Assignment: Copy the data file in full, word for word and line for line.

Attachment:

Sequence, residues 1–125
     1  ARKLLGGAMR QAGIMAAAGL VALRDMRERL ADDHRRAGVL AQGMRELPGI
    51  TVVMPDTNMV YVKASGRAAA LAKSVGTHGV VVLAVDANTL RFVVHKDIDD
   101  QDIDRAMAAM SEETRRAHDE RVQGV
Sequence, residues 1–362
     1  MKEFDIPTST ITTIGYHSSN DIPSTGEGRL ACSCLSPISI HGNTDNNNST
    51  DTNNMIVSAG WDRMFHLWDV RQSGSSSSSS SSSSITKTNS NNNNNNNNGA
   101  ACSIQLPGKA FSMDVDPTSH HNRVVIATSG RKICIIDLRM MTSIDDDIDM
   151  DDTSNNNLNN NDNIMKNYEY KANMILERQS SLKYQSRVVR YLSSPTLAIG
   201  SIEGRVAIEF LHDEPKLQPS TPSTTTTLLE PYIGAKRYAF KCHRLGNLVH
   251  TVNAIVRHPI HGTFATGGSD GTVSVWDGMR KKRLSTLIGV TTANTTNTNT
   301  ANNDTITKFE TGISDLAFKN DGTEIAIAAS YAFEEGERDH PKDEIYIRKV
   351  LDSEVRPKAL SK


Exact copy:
Sequence, residues 1–125
     1  ARKLLGGAMR QAGIMAAAGL VALRDMRERL ADDHRRAGVL AQGMRELPGI
    51  TVVMPDTNMV YVKASGRAAA LAKSVGTHGV VVLAVDANTL RFVVHKDIDD
   101  QDIDRAMAAM SEETRRAHDE RVQGV
Sequence, residues 1–362
     1  MKEFDIPTST ITTIGYHSSN DIPSTGEGRL ACSCLSPISI HGNTDNNNST
    51  DTNNMIVSAG WDRMFHLWDV RQSGSSSSSS SSSSITKTNS NNNNNNNNGA
   101  ACSIQLPGKA FSMDVDPTSH HNRVVIATSG RKICIIDLRM MTSIDDDIDM
   151  DDTSNNNLNN NDNIMKNYEY KANMILERQS SLKYQSRVVR YLSSPTLAIG
   201  SIEGRVAIEF LHDEPKLQPS TPSTTTTLLE PYIGAKRYAF KCHRLGNLVH
   251  TVNAIVRHPI HGTFATGGSD GTVSVWDGMR KKRLSTLIGV TTANTTNTNT
   301  ANNDTITKFE TGISDLAFKN DGTEIAIAAS YAFEEGERDH PKDEIYIRKV
   351  LDSEVRPKAL SK